How To Prepare for HB 1257: the Green Buildings for Washington Law
In Washington, the buildings sector is the second-biggest CO2 contributor, producing 27% of total statewide emissions. Working toward a more energy-efficient building requires the efforts of many and an understanding of what to start doing and how to prepare to meet EUI targets.
Hire a "Qualified Person" for Benchmarking
The first step to compliance with the Green Buildings for Washington law requires building owners in Washington to hire a qualified person to start benchmarking energy consumption in their buildings.
A qualified person is defined as, "a person having training, expertise, and three years professional experience in building energy use analysis, and being any of the following:
- Licensed professional architect or engineer in the jurisdiction of the project
- Building Operator Certification (BOC) Level II by the Northwest Energy Efficiency Council
- Certified commissioning professional
- Certified Energy Manager (CEM) in current standing, certified by the Association of Energy Engineers (AEE)
- Energy Management Professional (EMP) certified by the Energy Management Association”
This individual will be able to benchmark and calculate the building's Energy Use Intensity target.
Know What Resources Are Available for HB 1257
With the goals of improving energy consumption and carbon production, the OSE projects HB 1257 to result in a 4% reduction in carbon production with the potential for Seattle-specific GHG emissions to drop by 27%. In order to help meet this decrease, Washington state has presented various incentives and resources for building owners.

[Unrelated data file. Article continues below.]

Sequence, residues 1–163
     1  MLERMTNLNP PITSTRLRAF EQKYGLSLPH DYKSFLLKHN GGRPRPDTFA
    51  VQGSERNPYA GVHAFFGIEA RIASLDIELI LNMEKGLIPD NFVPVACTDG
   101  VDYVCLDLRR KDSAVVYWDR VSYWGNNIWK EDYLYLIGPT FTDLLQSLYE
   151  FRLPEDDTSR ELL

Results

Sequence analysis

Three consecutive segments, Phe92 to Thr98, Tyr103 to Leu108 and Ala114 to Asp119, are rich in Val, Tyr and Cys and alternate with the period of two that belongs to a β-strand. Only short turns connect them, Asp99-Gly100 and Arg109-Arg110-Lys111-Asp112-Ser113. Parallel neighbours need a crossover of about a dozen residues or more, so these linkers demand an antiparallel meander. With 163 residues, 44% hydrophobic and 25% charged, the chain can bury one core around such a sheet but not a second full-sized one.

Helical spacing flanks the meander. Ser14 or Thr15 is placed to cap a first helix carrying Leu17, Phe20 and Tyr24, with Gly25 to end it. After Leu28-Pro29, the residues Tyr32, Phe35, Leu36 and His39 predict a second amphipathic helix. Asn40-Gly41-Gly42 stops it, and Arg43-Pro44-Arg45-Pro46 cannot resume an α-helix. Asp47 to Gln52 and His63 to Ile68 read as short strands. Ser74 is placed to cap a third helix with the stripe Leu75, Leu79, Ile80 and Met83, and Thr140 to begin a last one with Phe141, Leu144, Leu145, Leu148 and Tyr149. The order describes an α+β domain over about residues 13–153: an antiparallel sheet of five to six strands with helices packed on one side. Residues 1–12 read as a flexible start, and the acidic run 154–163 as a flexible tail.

The state-funded Early Adopter Incentive program provides $0.85 per square foot for early adopters whose buildings are currently 15 EUI points above EUI targets, and who make improvements to achieve targets before compliance deadlines. Washington state has provided $75 million in incentive dollars to support early compliance.
The state is also providing an Equitable and Inclusive Early Adopter Incentive Plan that reserves some of the incentives for buildings that are high energy users, located in rural communities, are multifamily affordable housing, or in an area with significant environmental health disparities.
Additional resources can also be found on the State of Washington Clean Buildings website.
Understand Which Systems Need Optimization
In order to help improve energy efficiency and comply with the Clean Buildings Act, it's important to understand the energy usage of the various systems in a commercial building. According to the US Department of Energy, HVAC systems account for approximately 40% of a commercial building's energy consumption. This is followed by lighting which consumed roughly 17%, leaving commercial buildings opportunities to optimize lighting, cooling, heating, and more.
By comprehending the energy usage of these systems, building managers can identify areas for improvement and optimize energy efficiency. This includes regularly maintaining system equipment, making updates as necessary, and implementing strategies such as improving data collection for machine learning uses.
Machine learning is revolutionizing cooling systems in commercial buildings by providing recommendations that improve energy consumption. By analyzing large amounts of data, ML tools can identify patterns, provide recommendations, and make predictions that help reduce pollution and minimize operating and maintenance costs.
Optimize Energy Efficiency With Tech
As the use of emerging technology, such as AI and ML-powered software, grows in the commercial buildings sector, the opportunities and use cases for improving energy efficiency also increase. This growth in tech can help building owners in cities that are adopting methods for carbon drawdown, especially in Washington state. The OSE predicts that roughly 300 buildings will need to make energy improvements in the city of Seattle to meet their EUIt and ML technology could be the solution.